• T. Pettersson, A. Naderi, R. Makuska, P.M. Claesson. Lubrication properties of bottle-brush polyelectrolytes: An AFM study on the effect of side chain and charge density. Langmuir, 24 (7), 3336 -3347 (2008).
  • C. Visnevskij, R. Makuska. SARA ATRP in aqueous solutions containing supplemental redox intermediate: controlled polymerization of [2-(methacryloyloxy)ethyl] trimethylammonim chloride. Macromolecules, 46, 4764-4771 (2013).
  • A. Bockuviene, K. Slavuckyte, A. Vareikis, S. Zigmantas, L. Zaliauskiene, R. Makuska. Intracellular delivery and triggered release of DNA using biodegradable poly(2-hydroxypropyleneimine)s containing cystamine units. Macromolecular Bioscience, 16, 14971505 (2016).
  • • P. Radzevicius, M. Steponaviciute, T. Krivorotova, R. Makuska. Double thermoresponsive pentablock copolymers: synthesis by one-pot RAFT polymerization and self-assembly in aqueous solutions. Polymer Chemistry, 8, 7217-7228 (2017).

Members of the group are co-authors of two US patents: US Patent No 7799194 (2010), Electrophoretic gels and their manufacture and US Patent No 9102796 (2015), Transfection reagent.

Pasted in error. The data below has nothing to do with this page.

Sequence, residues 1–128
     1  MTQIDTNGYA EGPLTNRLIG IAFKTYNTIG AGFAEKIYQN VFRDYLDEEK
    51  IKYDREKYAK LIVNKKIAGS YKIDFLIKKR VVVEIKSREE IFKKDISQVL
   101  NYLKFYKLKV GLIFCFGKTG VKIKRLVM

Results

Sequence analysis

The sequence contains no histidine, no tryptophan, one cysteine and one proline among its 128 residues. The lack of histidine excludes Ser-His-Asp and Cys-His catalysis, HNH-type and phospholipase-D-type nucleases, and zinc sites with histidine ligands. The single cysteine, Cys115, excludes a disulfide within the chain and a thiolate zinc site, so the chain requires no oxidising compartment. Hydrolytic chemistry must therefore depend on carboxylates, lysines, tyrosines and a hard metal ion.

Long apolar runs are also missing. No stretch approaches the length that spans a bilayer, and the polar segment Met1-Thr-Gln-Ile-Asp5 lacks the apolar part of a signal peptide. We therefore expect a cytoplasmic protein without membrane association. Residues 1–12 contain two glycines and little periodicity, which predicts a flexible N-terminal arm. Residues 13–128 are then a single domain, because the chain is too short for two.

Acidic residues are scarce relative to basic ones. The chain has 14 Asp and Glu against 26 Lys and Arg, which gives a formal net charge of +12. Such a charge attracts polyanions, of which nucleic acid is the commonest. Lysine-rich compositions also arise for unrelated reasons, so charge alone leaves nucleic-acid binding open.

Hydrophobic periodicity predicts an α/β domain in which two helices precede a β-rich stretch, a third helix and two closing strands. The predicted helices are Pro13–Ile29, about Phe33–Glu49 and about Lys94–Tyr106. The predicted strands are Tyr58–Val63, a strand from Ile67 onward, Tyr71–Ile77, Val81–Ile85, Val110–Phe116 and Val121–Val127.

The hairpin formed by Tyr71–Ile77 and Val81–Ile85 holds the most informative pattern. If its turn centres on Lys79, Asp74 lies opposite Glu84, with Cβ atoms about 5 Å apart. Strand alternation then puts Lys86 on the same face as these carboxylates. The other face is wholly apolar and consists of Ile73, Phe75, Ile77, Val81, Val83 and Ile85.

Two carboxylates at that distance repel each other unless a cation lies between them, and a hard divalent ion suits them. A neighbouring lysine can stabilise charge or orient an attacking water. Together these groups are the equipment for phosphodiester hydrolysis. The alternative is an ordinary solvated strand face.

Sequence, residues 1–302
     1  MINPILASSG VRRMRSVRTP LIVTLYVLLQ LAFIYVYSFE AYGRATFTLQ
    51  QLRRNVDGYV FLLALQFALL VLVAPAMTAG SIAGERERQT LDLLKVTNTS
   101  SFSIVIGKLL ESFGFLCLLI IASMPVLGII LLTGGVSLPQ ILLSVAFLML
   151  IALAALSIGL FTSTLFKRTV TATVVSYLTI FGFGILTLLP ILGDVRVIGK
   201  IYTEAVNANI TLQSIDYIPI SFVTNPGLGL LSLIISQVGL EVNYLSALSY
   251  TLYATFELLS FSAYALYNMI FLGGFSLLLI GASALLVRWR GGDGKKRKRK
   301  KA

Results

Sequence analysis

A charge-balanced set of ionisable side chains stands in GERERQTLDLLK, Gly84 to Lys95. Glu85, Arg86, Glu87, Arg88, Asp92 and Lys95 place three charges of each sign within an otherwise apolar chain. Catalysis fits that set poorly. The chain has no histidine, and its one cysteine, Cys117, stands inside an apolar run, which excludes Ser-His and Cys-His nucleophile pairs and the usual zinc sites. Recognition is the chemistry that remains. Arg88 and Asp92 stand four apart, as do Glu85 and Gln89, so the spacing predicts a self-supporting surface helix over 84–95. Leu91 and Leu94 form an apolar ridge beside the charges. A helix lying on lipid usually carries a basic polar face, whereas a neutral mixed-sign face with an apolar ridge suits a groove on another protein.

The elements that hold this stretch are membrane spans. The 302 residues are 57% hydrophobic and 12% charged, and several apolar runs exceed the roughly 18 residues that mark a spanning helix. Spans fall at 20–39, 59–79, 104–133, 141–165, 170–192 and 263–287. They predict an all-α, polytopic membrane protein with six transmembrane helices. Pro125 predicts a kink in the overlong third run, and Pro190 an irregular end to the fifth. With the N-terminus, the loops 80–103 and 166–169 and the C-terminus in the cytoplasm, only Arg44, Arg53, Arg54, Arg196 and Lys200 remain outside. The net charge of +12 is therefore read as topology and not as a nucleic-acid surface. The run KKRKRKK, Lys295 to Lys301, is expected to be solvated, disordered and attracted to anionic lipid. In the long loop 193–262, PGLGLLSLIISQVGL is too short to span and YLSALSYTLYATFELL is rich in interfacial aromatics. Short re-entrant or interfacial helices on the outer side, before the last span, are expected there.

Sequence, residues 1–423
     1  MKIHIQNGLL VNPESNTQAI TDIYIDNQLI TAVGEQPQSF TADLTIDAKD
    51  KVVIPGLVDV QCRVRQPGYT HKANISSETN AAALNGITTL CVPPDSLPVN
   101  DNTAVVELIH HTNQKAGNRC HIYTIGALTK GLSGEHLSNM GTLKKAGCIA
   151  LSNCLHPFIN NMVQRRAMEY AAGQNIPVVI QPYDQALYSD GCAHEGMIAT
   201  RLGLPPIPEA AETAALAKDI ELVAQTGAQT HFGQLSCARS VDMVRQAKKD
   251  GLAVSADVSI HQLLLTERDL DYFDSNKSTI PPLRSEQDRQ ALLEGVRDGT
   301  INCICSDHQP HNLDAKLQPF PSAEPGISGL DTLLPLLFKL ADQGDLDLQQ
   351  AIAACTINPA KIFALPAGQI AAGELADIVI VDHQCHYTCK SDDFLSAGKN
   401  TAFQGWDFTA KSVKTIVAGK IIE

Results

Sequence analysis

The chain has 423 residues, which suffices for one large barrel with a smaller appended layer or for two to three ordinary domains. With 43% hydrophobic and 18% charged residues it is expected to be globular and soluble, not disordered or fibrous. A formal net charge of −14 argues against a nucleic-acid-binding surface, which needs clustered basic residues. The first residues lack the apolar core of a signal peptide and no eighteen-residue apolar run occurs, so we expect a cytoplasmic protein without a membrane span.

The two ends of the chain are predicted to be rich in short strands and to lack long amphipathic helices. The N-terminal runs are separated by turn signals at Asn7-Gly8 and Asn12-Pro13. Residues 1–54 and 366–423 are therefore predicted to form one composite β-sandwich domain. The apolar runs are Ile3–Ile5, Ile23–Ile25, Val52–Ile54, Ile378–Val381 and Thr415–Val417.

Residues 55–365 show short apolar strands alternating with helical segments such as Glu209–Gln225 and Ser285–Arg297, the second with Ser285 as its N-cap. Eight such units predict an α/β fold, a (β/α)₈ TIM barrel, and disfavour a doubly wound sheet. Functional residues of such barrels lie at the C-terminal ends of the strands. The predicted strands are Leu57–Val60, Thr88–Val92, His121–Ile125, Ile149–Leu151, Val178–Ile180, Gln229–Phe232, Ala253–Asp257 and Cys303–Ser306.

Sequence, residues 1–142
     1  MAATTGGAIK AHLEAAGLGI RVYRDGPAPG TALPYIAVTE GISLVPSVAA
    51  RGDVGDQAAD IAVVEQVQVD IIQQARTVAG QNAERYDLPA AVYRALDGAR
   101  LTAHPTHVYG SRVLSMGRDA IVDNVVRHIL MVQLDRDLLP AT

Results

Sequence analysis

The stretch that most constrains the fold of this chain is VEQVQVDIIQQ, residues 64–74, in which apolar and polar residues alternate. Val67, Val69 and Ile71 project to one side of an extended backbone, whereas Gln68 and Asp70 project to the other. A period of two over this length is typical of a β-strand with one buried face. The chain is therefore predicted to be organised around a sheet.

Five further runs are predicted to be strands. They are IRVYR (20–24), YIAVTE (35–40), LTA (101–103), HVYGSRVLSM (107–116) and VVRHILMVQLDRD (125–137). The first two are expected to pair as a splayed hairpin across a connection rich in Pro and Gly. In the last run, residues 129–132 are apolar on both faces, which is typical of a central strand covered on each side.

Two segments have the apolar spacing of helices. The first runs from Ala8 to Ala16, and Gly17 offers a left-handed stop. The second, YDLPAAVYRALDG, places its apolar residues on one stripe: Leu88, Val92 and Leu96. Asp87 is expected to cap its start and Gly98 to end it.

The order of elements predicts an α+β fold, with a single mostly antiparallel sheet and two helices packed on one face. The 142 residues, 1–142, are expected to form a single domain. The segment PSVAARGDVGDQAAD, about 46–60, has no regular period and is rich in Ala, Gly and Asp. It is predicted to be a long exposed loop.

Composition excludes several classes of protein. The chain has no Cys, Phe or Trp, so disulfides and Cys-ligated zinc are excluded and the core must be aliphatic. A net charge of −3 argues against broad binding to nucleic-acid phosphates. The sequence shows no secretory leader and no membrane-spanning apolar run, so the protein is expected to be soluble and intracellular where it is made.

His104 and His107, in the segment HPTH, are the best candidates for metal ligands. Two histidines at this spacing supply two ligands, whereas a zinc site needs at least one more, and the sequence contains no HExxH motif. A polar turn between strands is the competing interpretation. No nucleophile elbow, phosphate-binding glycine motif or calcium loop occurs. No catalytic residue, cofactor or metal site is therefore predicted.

The laboratories are equipped with thermal, UV, microwave and calorimetric reactors for the synthesis of polymers, ultrafiltration, gel-filtration and freeze-drying units for separation and purification of polymers, size exclusion chromatography with tetra-detection for determination of molecular weight and dimensions of macromolecules, dynamic light scattering for determination of hydrodynamic characteristics, several spectroscopic techniques (1H and 13C NMR, FT-IR, Raman,UV -Vis) for evaluation of composition of polymers and chemical changes during modification, DSC and TGA for evaluation of thermal properties.



Prof. Dr. Ričardas Makuška

Faculty of Chemistry and Geosciences

Phone: +370 5 2193227


More about the faculty:


Department for Research

and Innovation

Phone: +370 5 268 7006


More information:


Flyer for printing: The_group_of_polymers_for_bio-and_nanotechnology.pdf